This plant tolerates temperatures down to -7°C.
However, it grows best in the humid tropical and subtropical regions and in those with a warm temperate climate with high summer temperatures and particularly mild winters, in less favorable conditions the speed of growth and the height reached decrease.
This bamboo needs full sun and is not particular about the soil, provided it drains and has an ample availability of water, in particular in the climates with long hot and dry summers.
Bamboos have an interesting growth method. Each plant produces a number of new stems each year – these stems reach their maximum height in their first year of growth, subsequent stem growth is limited to producing new side branches and leaves. In the case of this plant, the new stem can reach a height of up to 18 meters, with daily increases of 30 cm or more during the period of maximum growth. This makes them some of the fastest growing species in the world.
The plant reproduces by seed, placed superficially in draining loam kept constantly humid at the temperature of 22-24 °C, with variable germination times, up to some months, by division, with a minimum of three culms, and micropropagation.

Customs and Traditions –
Bambusa oldhamii is known by various names, such as: giant timber bamboo, green bamboo, Oldham’s bamboo (English); lü zhu (Chinese); ryoku-chiku (Japanese).
It was first described by Munro in 1868, the type specimen collected in Taiwan from Oldham (for which the species was named).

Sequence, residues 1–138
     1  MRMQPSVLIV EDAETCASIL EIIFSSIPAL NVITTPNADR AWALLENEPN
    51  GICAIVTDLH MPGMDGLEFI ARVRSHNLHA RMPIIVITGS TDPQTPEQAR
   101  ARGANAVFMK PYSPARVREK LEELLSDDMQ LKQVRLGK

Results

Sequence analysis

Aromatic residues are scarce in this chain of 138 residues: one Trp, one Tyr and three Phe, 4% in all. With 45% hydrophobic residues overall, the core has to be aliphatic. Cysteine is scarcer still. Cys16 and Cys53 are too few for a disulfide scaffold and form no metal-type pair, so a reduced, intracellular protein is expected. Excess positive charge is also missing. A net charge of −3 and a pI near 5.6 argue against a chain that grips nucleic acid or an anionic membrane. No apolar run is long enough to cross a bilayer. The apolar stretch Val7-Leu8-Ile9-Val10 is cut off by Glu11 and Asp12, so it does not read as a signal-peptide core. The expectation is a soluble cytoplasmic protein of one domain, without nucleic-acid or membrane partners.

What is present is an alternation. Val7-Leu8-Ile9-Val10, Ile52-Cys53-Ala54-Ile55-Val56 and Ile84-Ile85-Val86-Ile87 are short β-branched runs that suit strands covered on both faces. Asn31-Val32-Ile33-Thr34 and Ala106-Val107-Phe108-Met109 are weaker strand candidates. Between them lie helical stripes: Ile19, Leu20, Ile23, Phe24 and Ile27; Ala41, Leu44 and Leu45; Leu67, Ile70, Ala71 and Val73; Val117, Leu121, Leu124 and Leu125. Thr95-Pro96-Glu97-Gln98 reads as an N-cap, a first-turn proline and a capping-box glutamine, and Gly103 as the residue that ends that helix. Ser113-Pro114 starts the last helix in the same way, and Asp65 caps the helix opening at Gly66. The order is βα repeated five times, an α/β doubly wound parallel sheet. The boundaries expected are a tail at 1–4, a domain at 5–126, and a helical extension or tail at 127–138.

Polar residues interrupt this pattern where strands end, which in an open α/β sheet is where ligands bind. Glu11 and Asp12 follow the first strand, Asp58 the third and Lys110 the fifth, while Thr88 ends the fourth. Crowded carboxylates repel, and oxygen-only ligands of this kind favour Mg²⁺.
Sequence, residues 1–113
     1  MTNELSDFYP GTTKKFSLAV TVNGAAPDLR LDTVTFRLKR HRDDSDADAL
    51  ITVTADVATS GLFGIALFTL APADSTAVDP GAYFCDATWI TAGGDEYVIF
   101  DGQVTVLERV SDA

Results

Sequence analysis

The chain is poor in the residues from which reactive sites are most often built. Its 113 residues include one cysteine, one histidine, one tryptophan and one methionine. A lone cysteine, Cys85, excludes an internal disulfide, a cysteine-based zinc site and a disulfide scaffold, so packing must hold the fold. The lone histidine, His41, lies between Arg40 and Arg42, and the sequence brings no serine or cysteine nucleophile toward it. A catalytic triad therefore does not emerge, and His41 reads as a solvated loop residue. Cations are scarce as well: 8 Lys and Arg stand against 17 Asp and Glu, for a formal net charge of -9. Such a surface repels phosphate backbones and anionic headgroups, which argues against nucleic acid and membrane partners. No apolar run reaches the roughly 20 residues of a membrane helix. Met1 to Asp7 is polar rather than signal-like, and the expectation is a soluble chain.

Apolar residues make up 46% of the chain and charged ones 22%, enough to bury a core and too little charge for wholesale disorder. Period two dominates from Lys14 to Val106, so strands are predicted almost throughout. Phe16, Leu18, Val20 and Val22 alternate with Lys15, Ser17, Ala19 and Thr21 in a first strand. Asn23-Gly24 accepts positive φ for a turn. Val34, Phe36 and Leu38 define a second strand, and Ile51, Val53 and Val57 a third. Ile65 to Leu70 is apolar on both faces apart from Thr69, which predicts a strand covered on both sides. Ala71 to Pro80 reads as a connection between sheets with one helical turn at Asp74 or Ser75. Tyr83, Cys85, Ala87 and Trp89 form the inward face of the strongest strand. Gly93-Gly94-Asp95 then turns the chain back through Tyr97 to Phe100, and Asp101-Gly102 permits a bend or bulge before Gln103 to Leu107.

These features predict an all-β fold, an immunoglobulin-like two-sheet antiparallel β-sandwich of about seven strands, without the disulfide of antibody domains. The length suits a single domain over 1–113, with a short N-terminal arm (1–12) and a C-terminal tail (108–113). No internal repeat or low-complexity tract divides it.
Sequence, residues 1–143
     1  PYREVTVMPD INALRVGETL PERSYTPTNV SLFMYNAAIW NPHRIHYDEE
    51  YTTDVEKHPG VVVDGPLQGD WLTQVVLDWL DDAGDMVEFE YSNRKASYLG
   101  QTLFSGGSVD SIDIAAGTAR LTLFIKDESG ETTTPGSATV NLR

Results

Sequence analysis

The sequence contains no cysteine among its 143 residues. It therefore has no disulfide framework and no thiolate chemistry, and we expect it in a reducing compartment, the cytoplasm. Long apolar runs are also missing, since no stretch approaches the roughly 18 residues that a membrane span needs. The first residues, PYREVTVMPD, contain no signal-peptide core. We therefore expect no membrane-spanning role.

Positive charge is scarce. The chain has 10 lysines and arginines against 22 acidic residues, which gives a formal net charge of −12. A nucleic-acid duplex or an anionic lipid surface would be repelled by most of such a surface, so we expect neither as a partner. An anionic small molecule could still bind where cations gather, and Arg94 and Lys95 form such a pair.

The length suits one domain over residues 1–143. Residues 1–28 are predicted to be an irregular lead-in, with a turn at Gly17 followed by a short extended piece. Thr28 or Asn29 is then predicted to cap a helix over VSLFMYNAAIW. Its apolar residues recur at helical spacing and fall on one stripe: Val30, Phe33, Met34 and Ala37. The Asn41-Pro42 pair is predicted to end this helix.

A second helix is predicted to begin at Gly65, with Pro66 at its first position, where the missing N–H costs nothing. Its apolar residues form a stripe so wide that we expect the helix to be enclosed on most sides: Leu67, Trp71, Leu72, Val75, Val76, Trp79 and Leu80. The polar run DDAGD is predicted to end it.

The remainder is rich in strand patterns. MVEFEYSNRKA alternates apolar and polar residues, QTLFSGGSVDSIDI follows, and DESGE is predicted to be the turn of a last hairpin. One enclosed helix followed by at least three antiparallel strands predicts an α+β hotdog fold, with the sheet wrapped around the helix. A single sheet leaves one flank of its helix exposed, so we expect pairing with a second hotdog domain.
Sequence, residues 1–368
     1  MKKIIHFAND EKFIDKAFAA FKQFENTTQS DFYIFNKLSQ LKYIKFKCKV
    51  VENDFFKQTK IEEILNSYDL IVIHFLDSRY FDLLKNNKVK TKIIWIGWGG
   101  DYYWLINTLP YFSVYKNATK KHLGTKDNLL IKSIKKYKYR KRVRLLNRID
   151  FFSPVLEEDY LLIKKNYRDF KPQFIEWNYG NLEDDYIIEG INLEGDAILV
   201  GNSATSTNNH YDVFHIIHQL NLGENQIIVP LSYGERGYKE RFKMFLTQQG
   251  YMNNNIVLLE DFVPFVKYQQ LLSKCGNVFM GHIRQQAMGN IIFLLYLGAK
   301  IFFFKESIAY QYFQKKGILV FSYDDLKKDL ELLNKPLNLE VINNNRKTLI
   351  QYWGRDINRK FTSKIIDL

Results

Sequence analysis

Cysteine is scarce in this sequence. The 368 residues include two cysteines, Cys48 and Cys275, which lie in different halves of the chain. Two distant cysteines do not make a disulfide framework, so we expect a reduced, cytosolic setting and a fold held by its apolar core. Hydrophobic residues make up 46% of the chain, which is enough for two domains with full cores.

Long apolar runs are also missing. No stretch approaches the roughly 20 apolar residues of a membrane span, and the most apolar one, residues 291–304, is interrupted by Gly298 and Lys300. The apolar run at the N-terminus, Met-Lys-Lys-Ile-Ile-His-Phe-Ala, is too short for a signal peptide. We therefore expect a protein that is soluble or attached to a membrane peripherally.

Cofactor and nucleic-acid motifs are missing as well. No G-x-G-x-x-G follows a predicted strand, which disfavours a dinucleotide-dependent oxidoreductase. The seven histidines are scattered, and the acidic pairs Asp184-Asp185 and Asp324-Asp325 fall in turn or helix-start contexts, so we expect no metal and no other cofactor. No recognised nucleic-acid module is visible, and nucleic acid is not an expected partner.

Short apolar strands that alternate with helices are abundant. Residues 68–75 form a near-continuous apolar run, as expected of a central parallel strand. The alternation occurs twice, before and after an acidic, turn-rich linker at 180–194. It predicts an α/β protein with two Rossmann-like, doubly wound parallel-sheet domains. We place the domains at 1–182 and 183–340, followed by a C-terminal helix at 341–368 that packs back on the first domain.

This bamboo is among the tallest and most decorative, as well as limited invasiveness, medium fast growth, good resistance to low temperatures, up to -7 °C if exceptional and short-lived, and to brackish winds, ideal for creating in a few years shielding hedges, windbreak and noise barriers.
Its shoots, deprived of the outermost layers, are edible after cooking, highly appreciated in Taiwan where the species is widely cultivated for this purpose, low in calories and rich in vitamins, in particular A, B1, B2 and C, minerals and fibers .
It should be remembered that the sprouts are poisonous if eaten raw, as they contain a cyanogenic glycoside, taxiphyllin, with a bitter taste, which transforms into hydrogen cyanide, but which is nonetheless thermolabile and is largely neutralized after boiling for about 40 minutes. .
However, no medicinal uses are known.
Among other uses, it is reported that the walls of the reeds are thick but rather soft and the reeds are used as a source of pulp.
Culms are used for furniture making, but are not suitable for construction.
Furthermore, this bamboo is grown as an ornamental plant in gardens all over the world.

Method of Preparation –
Bambusa oldhamii is a plant widely used in Taiwan and China, where the young shoots are highly sought after for their crunchy texture and sweet flavour.
However, the young shoots, as mentioned, are to be eaten after cooking and are of excellent quality.
Young shoots must be harvested as soon as they emerge from the ground.

Guido Bissanti

– Acta Plantarum – Flora of the Italian Regions.
– Wikipedia, the free encyclopedia.
– GBIF, the Global Biodiversity Information Facility.
– Useful Tropical Plants Database.
– Conti F., Abbate G., Alessandrini A., Blasi C. (ed.), 2005. An annotated checklist of the Italian vascular flora, Palombi Editore.
– Pignatti S., 1982. Flora of Italy, Edagricole, Bologna.
– Treben M., 2000. Health from the Lord’s Pharmacy, Advice and experiences with medicinal herbs, Ennsthaler Editore.

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Attention: The pharmaceutical applications and alimurgical uses are indicated for informational purposes only, they do not in any way represent a medical prescription; we therefore decline all responsibility for their use for curative, aesthetic or food purposes.